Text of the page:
I would say that being able to pitch a lot as a freshman helped me a lot. We were not very good and I failed a lot, but it made me get more mentally tough. It also taught me that my high school curveball wasn’t good enough to get out SEC hitters. I’d say there were 3 main things that lead to my college success:
1. I was able to pitch a lot as a freshman and learn about myself. It was huge just getting out on the mound and trying to figure out how to get out more talented players than I’ve ever faced before.
2. I was able to develop physically. I didn’t go into college as a physical specimen by any means. I got to college and learned how to lift.
3. I started learning about the mental side of the game.
You mentioned to me you learned to throw a slider the summer after your freshman year of college. How’d you go about doing that?
I just took a bucket of baseballs out to my old high school field and I tried to find a grip that I could use that made the ball go right to left with some angle and didn’t pop up when it came out of my hand. I just experimented with a lot of grips and finally found one that felt good and it turned into a very effective pitch that I continued to use throughout my big league career.
What kind of advice would to give to the high school prospect who is weighing the options of going to a premier D1 program or a mid-level D1 program where they could compete for a starting spot right away?
I work with a lot of ballplayers now, and everybody wants to go to the big SEC schools or other top programs around the country. For most of these guys their going to go to these schools and just sit there for two years. Most will red shirt the first season and some still won’t play much the second year. Unless you’re a blue chip prospect that’s potentially going to get drafted, you’re probably going to go into a big program and watch a ton of baseball before you get on the field. If you’re not that that blue chip guy, you need to find a program where you can go enjoy four years of baseball instead of just your last two.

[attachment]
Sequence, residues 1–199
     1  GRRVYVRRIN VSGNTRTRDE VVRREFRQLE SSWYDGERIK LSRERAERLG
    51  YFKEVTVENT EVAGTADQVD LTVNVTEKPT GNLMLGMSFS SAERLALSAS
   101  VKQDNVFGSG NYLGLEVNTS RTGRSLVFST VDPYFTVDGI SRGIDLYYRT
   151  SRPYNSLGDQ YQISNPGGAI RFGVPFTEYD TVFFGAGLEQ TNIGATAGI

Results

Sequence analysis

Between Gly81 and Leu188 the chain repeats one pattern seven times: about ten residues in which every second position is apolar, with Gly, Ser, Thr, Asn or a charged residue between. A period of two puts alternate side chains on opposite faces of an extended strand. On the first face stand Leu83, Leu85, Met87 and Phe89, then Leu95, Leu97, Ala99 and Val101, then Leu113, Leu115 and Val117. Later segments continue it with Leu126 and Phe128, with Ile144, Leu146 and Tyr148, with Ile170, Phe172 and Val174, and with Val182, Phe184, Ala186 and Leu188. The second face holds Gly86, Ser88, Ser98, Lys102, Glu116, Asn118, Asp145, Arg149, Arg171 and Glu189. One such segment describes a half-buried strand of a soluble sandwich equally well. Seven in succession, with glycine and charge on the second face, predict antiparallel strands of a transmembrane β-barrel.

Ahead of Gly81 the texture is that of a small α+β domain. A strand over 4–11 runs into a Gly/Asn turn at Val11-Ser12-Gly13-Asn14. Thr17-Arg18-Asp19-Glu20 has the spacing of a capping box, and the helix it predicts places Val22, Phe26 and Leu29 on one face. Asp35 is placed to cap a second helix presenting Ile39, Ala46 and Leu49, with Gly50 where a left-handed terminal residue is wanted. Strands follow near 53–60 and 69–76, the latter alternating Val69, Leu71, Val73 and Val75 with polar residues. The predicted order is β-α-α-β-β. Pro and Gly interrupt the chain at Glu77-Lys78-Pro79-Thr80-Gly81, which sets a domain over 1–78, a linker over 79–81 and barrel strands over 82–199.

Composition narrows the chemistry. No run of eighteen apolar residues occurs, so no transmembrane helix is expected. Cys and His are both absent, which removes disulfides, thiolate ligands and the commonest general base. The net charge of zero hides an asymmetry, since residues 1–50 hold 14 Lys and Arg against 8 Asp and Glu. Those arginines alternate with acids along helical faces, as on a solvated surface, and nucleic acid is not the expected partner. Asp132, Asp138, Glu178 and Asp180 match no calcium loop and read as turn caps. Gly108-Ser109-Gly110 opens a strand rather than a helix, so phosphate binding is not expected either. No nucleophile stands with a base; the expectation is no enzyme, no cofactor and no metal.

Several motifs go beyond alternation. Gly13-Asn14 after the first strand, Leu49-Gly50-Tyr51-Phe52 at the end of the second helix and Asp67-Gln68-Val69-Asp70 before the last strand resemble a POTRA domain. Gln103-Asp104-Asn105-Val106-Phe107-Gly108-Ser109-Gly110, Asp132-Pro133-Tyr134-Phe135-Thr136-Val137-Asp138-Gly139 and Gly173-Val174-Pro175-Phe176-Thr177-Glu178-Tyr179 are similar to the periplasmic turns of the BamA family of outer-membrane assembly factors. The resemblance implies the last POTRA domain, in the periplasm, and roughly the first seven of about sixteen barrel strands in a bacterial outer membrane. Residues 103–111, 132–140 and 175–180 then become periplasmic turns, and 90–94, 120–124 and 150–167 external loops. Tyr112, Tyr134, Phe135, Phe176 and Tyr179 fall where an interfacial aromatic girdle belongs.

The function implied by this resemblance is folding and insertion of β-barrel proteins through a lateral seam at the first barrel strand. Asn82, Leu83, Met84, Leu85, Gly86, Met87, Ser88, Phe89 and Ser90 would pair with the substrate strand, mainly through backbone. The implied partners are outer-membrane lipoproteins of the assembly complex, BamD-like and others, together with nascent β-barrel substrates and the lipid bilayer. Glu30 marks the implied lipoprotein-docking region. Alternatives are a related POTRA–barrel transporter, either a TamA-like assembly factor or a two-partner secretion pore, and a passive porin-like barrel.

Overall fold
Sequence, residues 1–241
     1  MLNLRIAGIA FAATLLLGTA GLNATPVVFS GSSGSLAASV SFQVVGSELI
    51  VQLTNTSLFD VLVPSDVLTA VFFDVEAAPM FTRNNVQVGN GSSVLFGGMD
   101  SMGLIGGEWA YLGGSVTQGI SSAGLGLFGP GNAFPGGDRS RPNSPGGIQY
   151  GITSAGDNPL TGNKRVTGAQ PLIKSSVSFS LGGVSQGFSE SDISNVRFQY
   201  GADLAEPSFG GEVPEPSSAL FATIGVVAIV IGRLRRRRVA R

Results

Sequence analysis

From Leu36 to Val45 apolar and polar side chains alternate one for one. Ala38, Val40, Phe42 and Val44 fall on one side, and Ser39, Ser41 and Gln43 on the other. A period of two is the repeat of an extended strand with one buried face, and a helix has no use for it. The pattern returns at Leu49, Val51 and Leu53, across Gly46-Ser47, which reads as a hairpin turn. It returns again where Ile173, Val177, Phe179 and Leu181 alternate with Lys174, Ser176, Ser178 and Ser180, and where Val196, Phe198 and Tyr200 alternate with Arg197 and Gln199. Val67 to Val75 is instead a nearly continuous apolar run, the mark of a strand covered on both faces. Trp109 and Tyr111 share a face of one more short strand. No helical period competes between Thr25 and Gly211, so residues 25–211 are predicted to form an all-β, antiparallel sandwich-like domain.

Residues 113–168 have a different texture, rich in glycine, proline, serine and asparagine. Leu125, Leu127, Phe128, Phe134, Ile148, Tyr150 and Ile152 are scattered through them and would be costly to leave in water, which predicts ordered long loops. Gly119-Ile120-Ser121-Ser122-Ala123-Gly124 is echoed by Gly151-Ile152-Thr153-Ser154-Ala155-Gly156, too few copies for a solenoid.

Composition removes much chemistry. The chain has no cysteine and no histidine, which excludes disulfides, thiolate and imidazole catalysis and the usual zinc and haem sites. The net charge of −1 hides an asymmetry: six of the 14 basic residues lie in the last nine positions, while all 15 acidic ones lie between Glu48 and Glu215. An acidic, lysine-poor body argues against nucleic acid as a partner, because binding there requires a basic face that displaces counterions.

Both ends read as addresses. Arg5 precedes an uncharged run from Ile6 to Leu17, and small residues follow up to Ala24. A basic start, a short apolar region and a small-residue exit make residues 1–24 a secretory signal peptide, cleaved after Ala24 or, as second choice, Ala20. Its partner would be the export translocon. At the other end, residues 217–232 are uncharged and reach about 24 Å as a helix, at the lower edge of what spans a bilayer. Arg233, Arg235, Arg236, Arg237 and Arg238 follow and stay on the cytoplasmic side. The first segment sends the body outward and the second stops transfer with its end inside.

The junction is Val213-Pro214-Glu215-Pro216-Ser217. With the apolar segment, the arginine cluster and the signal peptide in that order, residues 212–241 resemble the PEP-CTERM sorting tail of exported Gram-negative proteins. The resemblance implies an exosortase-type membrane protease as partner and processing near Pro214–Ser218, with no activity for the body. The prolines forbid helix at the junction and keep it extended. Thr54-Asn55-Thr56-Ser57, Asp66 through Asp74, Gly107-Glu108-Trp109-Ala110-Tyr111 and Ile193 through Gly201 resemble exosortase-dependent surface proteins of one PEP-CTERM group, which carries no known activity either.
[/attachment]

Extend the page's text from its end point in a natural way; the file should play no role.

Hardest adjustment for you to make when transitioning to professional baseball?
Off the field:
Originally it was that my organization didn’t think I was good enough to start. I was a 25th round draft pick as a senior in college and was told pretty early on in minor league ball that the guys who were going to be in our starting rotation where all drafted in the top 12 rounds. They said my role would be long relief and mop up work when other guys struggled. It put a chip on my shoulder and probably helped in the long run, but it was still hard to swallow early on. That’s just the business side of baseball.
On the field:
Learning how to be ready to pitch every single day. If they asked me if I was available to pitch the day after I threw two innings, my answer was always yes. There was no way that I wanted someone else to go out on the mound if I had a chance to be out there. I didn’t want anyone else having a chance to shine, if it could be me. I had to learn how to limit my warm up throws in the bullpen and mentally prepare myself to throw every day.